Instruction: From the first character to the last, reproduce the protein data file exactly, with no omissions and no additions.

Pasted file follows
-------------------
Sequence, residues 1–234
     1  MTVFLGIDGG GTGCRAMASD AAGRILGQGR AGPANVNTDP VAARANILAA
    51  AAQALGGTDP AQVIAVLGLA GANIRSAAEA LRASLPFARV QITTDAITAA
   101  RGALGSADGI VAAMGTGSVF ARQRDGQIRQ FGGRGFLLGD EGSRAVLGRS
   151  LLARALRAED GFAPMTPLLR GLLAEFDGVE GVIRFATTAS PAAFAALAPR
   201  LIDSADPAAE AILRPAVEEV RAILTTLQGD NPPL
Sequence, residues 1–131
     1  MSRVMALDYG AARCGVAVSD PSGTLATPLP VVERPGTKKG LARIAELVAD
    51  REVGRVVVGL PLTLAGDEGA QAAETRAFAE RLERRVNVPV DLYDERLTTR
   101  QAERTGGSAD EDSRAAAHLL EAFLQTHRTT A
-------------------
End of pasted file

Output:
Sequence, residues 1–234
     1  MTVFLGIDGG GTGCRAMASD AAGRILGQGR AGPANVNTDP VAARANILAA
    51  AAQALGGTDP AQVIAVLGLA GANIRSAAEA LRASLPFARV QITTDAITAA
   101  RGALGSADGI VAAMGTGSVF ARQRDGQIRQ FGGRGFLLGD EGSRAVLGRS
   151  LLARALRAED GFAPMTPLLR GLLAEFDGVE GVIRFATTAS PAAFAALAPR
   201  LIDSADPAAE AILRPAVEEV RAILTTLQGD NPPL
Sequence, residues 1–131
     1  MSRVMALDYG AARCGVAVSD PSGTLATPLP VVERPGTKKG LARIAELVAD
    51  REVGRVVVGL PLTLAGDEGA QAAETRAFAE RLERRVNVPV DLYDERLTTR
   101  QAERTGGSAD EDSRAAAHLL EAFLQTHRTT A